Updated: March 10, 2021 3:01:48 pm
In a party with few stars beyond the Centre, he holds his own. In a government that he doesn’t lead, he is sometimes credited with commanding more power than the Chief Minister. In a region that Delhi only infrequently remembers, he is a name with the most recall.
And, Himanta Biswa Sarma is just starting. Having got a ticket from the BJP to contest from his constituency Jalukbari, despite protestations otherwise, the 52-year-old is back in the CM sweepstakes. Can the party that he almost single-handedly hauled to power in 2016 in Assam deny him the prize he has long sought, in case of a win?
Tussle for power is what saw Sarma defect from the Congress in 2015 after 20 years, starting out as a student leader. Mentored by Congress stalwarts Hiteswar Saikia and Tarun Gogoi, he had seen to his dismay Gogoi promoting son Gaurav. Sarma decided to leave after famously kept hanging by Rahul Gandhi in Delhi when he went to discuss state matters — once, according to Sarma, as the then Congress president fed his dog.
Sarma may enjoy the irony that, with Gogoi dead, Gaurav, 38, is now fighting for control among several Congress CM hopefuls in Assam. (Incidentally, Sarma had made it a point to supervise Gogoi senior’s treatment when hospitalised following Covid.) The Congress itself is banking on a Mahajot (grand alliance), with the AIUDF, three Left parties, a new regional front called the Anchalik Gana Morcha and the Bodoland People’s Front.
Sarma, meanwhile, has come a long distance. The man who in the run-up to the 2014 Lok Sabha elections attacked the BJP’s prime minister candidate Narendra Modi over the 2002 riots, saying that in Gujarat “blood of Muslims” flows through pipes, is now among the most vicious in attacking “Miya” (or Bengali-origin) Muslims of Assam, the most vulnerable to the citizenship determination process in Assam.
Sarma has called AIUDF leader and MP Badruddin Ajmal “enemy” of Assam, said the BJP does not need votes of the Bengali-origin Muslims and accused the community of “openly challenging Assamese culture and composite Indian culture”. Last month, he said he would be very happy if described as the “extreme” of polarisation politics.
As the Finance, Health, Education and Public Works Minister of Assam, plus the convenor of the BJP-led NEDA (North East Democratic Alliance), Sarma is the face of the BJP’s Assam campaign along with CM Sarbananda Sonowal. His name is associated with some of the biggest development schemes in Assam, and at the height of the Covid pandemic, he frequently made news for personally overseeing hospitals and quarantine centres and often landing up for surprise checks late into night. Sarma had also courted controversy by releasing names of Assam residents linked to the Tablighi Jamaat event in Delhi that had emerged as a superspreader, but had brushed it off as being “in public interest”.
There have been allegations of corruption, particularly in the Saradha and Louis Berger scams, but not enough to slow Sarma’s rise.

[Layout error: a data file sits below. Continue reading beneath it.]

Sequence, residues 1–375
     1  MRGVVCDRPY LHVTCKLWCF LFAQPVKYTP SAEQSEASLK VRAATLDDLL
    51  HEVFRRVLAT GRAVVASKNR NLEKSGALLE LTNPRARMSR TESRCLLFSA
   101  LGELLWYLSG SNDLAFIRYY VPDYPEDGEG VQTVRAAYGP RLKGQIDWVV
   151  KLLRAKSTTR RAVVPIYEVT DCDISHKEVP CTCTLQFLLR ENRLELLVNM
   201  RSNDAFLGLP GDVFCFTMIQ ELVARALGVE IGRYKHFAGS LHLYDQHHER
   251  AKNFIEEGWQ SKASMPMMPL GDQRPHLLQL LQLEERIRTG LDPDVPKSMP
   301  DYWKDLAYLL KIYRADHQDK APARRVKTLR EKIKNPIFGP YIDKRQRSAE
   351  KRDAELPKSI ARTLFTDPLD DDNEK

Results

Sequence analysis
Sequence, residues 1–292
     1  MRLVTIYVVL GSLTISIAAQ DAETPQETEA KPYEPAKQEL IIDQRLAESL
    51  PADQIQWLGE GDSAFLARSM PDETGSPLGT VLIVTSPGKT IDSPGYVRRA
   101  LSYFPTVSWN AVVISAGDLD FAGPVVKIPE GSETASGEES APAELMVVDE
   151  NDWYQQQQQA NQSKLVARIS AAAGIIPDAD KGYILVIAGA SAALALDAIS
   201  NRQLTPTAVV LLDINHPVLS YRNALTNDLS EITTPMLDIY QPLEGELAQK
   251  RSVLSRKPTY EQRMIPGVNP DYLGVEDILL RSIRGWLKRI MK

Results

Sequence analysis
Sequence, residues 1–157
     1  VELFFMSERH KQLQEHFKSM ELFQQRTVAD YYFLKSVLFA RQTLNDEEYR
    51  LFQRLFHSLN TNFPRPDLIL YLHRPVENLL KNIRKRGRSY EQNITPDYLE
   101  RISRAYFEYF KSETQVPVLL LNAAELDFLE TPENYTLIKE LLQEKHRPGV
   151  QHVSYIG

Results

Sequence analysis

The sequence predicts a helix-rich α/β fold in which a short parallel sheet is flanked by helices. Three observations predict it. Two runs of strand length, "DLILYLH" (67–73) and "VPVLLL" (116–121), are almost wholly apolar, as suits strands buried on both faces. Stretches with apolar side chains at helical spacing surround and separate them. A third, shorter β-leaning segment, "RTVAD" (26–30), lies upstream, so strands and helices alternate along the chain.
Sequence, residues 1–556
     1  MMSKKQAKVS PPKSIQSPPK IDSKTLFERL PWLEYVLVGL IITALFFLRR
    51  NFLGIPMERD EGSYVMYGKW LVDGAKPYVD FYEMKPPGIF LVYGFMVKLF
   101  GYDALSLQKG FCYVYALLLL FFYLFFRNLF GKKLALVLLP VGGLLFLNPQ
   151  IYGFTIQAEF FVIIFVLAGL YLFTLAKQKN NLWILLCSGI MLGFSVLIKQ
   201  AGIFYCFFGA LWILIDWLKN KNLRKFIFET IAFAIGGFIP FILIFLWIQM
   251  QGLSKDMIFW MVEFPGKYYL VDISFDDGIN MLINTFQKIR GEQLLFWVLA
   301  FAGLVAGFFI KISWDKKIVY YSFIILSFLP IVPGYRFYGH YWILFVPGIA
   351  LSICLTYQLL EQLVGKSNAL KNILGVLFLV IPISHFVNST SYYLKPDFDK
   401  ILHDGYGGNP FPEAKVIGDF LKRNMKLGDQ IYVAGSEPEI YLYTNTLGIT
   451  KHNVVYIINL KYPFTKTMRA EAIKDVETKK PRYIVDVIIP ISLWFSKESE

Earlier, before to the 2019 general election, there had been speculation that Sarma would contest, but he did not get a ticket. Underlining his significance though, then BJP president Amit Shah had in an unprecedented move released a statement explaining that they needed Sarma in the Northeast to help the party grow.
Ahead of current elections, talk has again started on whether Sarma would be CM or be accommodated in Delhi. Sarma said multiple times that he would not contest, but he was present on the dais in Delhi as the BJP announced his name in its first list of 70 candidates.
On Monday, the BJP said it won’t announce a CM candidate, unlike 2016, when Sonowal’s name had been declared. “When there is no government, then the CM name is projected. When we are in government, then we do not project any name,” BJP state chief Ranjeet Kumar Dass told PTI.
Sarma told reporters, “It is the prerogative of the parliamentary board to announce a candidate… I think we should patiently wait for an announcement from Delhi.” Asked why he is contesting after earlier stating he would not, Sarma said it’s because the party asked him to.
It’s not like Sarma to play shy. An author of four books (including one released in February), he routinely uploads photos with family and of his college days. The doting father was unsparing recently when a photograph of him with his daughter was misinterpreted on social media.
Sarma’s wife Riniki, with whom he has two children — 19 and 17 — is a media entrepreneur and the owner of prominent news channel News Live.
There is another quality that makes Sarma different from the usual politician. In a party not known to appreciate humour, particularly at its leaders’ expense, the 52-year-old dubbed ‘mama’ on social media encourages the many viral memes and jingles featuring him — sharing the more viral ones himself.
Asked about the memes recently, Sarma said, “If someone loves being creative and making memes… I have a lot of respect for the young generation… I am ready, let them make more memes on me.”
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